• Writing a novel
  • Learning to dance
  • Detoxifying
  • Getting over a breakup
  • Overcoming a fear
  • Making more time for family


Okay, I've finished setting up my profile and completing all the starting quests.   Now, I feel really, incredibly awful.  Like, (if you're familiar with the experience,) the way you feel when you're in therapy and you finally talk about something that's a really huge deal but you've been avoiding thinking about it for years.

Which, I guess, is pretty much what I'm doing here.  I've been semi-subconsciously deflecting my awareness of my money issues for years, and now it's really painful to address because it's big and scary and every little thing feels like a huge imposition and a massive personal flaw.  I just want to hide under a rock right now.

So, I think that's what I'm going to do.  I'm going to take a nap, and hopefully I'll feel a little better later.

Jane McGonigal: Life-giving games



Now that I've got that out of my system.

I remember, when I was reading "Reality Is Broken," the chapter when Jane McGonigal discusses "Super Better," the game she invented to help her through the depression and recovery after a serious injury.  I don't remember, at the time, making the connection between my own depression and the variety of illnesses that other people are using Super Better to get through.

I don't know.  Maybe I did think of it.  There was a lot in that book that made me think, "There it is!  The solution to everything!"

In McGonigal's new TED talk, she points out, much more straightforwardly, that the tools she developed are a framework for improving one's life, in exactly the sort of way that everyone, not just people suffering from serious illness, can benefit from.

It's a little embarrassing, actually, to realize that I didn't make this connection in the first place.  The central theme of "Reality Is Broken" is positive psychology -- using science, psychology, analysis, and especially gamification, to move upwards from a neutral point and make life better, rather than just focusing on alleviating suffering and reducing exposure to unpleasant experiences.

The talk is great.  You should watch it.  You should also watch her other TED talk, which is more broadly about how gaming can make the world a better place, and read her book, Reality Is Broken, which is about using game style mechanisms to make everything better.

Google Badges: Gamifying news

Google's news section has a new feature:  Google Badges.  Google is monitoring how much of particular types of stories you read, and you can level up in different areas by reading more stories on those topics.  So far, I've read 1 story about Google, so I've got a Google badge with no stars.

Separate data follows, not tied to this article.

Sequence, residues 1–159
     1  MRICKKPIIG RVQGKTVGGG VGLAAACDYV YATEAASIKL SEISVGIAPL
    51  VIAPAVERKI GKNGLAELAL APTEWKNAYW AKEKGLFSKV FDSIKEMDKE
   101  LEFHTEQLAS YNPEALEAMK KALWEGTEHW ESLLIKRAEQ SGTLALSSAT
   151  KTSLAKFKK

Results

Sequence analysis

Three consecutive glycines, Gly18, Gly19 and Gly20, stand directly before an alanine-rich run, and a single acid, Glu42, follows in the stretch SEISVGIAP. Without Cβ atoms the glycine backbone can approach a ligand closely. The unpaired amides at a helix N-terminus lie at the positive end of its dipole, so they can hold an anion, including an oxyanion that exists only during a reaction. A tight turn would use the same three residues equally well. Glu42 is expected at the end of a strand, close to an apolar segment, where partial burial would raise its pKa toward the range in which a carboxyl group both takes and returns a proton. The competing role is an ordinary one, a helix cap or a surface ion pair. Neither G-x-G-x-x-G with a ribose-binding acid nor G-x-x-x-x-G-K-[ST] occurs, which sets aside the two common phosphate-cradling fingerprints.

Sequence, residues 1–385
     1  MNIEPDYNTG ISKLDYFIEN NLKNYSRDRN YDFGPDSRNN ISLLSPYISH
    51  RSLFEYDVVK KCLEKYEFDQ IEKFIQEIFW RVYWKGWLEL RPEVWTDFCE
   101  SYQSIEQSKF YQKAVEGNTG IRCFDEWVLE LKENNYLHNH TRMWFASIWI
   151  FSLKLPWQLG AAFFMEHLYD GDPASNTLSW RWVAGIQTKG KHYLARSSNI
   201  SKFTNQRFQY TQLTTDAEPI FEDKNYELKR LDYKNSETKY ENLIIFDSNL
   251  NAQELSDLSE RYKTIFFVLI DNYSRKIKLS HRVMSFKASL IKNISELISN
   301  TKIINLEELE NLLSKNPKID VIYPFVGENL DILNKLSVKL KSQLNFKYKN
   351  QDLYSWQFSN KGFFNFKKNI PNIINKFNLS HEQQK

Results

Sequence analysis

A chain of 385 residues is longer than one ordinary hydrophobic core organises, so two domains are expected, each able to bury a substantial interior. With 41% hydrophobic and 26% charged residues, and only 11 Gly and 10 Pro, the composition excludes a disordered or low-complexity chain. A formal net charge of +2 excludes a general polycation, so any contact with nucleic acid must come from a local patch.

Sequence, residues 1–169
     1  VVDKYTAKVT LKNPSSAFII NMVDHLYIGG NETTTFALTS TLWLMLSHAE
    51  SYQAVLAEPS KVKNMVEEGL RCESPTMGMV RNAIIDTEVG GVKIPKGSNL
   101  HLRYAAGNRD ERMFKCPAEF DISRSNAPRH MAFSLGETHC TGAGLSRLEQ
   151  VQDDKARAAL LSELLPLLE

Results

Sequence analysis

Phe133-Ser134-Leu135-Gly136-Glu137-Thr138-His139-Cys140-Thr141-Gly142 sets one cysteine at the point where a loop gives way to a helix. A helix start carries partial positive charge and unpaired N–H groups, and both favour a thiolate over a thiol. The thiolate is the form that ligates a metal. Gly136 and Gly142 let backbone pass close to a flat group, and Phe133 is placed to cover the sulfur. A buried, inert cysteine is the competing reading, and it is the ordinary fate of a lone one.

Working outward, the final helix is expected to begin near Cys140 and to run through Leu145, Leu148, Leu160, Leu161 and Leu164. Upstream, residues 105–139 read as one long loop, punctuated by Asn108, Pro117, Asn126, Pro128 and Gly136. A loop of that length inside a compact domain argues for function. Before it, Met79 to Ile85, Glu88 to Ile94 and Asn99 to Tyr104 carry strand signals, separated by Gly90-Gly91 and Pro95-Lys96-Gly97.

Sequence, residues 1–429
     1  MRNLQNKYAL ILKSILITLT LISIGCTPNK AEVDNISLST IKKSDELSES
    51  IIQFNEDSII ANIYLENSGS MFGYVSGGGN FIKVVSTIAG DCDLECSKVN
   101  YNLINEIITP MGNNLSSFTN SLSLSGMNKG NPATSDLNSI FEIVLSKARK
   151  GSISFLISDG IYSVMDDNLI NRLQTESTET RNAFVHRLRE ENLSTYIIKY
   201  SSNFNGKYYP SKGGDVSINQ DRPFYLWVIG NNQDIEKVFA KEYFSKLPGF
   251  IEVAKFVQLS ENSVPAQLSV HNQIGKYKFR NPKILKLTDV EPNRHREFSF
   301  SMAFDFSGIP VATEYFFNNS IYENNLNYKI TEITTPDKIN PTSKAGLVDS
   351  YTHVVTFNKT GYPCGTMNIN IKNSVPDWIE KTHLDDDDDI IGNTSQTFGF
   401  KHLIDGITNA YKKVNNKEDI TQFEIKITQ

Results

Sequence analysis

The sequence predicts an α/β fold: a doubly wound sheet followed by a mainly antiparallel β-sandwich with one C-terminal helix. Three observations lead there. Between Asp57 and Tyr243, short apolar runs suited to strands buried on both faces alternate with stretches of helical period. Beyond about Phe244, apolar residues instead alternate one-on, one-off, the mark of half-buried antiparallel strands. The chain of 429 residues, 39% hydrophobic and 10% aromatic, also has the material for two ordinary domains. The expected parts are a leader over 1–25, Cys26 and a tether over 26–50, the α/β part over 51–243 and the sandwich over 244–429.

I have mixed feelings about this.  On the super-positive side, I love the idea of gamifying news consumption -- putting out in public your news reading habits as a ranked icon is a solid step towards objective measures of how informed people are in various topics, and provides a nice little social kick towards reading more news, and more substantial news.

On the other hand, it's subject to some problems.  This method rewards equally following up on light reading, like the example category, basketball, as it does more in-depth categories.  Google isn't exactly encouraging getting informed as a civic duty here.

The video says you'll be able to keep your badges private, or share them with your friends.  If you want to keep secretly informed about some topics, Google offers a solution:

Sharing Badges By default, only you can see your badges. You can choose to share a specific badge in your badge collection by mousing over the badge and clicking one of the sharing icons. When you share a badge, it reveals your badge’s name and level, as well as the rough number of articles that you have read about the badge’s topic. Your friends will not see the specific articles that you have read.

This mechanism seems handled altogether quite well, but I don't know whether to hope that, in the future, Google leans towards encouraging good information consumption habits and discouraging binges on nothing but pop culture, or whether the natural tendency towards easier news will go unchecked.